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Nest Studio’s Hand-Pinched Hardware Embraces Organic Forms

Plaster artist Stephen Antonson takes a softer approach to hardware for his new collaboration with Nest Studio.

By Rachel Gallaher

Prototypes of the knobs, pulls, and handles in the Pinch Collection—a collaboration between Nest Studio and artist Stephen Antonson—were sculpted from plaster, and used to make molds that are filled with molten brass. The resulting cast object is then hand-finished. Image by Laura Moss.

The Pinch collection—an upcoming line from New Jersey hardware company Nest Studio—brings a playful edge to the traditionally utilitarian forms of cabinet knobs and drawer-pulls.

Launching in early October, Pinch is a collaboration between Nest Studio’s Founder and Creative Director Jessica Davis and Brooklyn-based plaster artist Stephen Antonson.

Artist Stephen Antonson in his Brooklyn studio. Image by Kreg Holt.

Comprising six functional, cast-brass knobs, pulls, and handles in four finish options (matte white, blackened bronzed, polished nickel, and polished unlacquered brass), Pinch came about from Antonson’s desire to experiment with form. “There’s a lot of great hardware, but most of it is serious,” he says. “I decided to relax and make something that is playful but sophisticated. I started by cutting up shapes—thinking of Matisse and his scissors: He just cuts into the paper and finds the shape. I tried paper. I tried aluminum foil. I tried tin. I tried plaster gauze. I made a variety of organic shapes, molding the plaster to an intuitive form. After making dozens of iterations, I chose the few that felt the most ‘right.’” The Pinch collection is named for the final gesture Antonson makes with his hands when molding materials—the motion that gives each piece its organic, undulating form, transforming it into a miniature work of hand-sculpted art.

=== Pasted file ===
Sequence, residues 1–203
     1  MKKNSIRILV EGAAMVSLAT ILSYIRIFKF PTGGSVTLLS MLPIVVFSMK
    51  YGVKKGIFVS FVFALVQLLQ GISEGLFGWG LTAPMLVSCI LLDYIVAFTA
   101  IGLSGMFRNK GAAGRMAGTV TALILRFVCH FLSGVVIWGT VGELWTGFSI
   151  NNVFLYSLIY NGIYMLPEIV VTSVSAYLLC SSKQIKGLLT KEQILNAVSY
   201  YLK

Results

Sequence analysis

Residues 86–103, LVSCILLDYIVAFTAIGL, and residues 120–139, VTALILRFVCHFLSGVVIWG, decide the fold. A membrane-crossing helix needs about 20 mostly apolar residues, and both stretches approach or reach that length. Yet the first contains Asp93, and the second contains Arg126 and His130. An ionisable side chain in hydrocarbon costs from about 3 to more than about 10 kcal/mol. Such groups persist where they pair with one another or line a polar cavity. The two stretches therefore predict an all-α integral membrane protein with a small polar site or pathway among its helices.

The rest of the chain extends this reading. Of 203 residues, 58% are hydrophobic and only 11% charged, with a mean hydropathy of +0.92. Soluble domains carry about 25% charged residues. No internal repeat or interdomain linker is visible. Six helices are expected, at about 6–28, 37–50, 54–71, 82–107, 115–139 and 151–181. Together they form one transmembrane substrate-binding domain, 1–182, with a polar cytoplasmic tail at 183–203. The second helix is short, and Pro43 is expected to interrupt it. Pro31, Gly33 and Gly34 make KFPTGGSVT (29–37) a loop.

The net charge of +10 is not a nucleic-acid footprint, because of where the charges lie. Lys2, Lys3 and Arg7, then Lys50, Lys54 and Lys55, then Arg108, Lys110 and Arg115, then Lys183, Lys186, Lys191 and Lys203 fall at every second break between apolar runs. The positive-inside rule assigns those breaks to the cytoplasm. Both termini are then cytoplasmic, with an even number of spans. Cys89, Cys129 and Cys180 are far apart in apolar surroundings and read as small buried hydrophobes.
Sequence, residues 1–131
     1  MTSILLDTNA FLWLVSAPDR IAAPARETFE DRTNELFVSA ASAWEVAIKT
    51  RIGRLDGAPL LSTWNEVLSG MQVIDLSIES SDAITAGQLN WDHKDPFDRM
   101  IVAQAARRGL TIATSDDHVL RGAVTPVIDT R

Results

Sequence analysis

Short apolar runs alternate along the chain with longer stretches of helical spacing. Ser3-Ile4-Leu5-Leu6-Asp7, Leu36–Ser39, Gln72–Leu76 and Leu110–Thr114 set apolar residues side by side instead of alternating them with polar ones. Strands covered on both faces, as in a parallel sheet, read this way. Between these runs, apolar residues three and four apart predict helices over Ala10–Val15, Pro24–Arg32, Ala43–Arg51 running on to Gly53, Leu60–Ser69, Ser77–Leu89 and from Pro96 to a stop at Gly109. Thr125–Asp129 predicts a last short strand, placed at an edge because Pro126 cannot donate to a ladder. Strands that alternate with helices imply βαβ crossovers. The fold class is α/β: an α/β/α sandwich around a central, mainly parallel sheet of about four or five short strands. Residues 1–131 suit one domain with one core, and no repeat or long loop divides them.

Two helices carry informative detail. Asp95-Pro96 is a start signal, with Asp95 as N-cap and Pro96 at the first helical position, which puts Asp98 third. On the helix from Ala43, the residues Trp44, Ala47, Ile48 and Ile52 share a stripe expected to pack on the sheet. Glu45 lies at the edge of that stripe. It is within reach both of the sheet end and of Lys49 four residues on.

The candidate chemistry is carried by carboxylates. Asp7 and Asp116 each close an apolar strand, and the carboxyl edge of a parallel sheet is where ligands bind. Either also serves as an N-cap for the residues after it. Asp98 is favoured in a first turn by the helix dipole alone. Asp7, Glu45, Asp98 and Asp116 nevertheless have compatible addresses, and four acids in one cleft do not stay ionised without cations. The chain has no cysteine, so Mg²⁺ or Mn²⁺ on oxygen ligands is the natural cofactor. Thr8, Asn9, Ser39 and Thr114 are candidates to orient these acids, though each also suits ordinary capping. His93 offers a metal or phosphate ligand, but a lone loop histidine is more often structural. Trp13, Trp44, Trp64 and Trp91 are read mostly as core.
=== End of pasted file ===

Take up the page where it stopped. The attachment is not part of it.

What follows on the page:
LEFT: The knobs and pulls are available in four finishes including polish, unlacquered brass. RIGHT: Prototypes of the collection. Images by Laura Moss.

“Plaster has far more applications than its conventional applications. Why not make hardware from it? It really relates to the human hand. I make everything I design in my studio with my hands, so the scale is comfortable.” —Stephen Antonson, artist

The Pinch collection is named for the final gesture Antonson makes with his hands when molding materials. Image by Kreg Holt.


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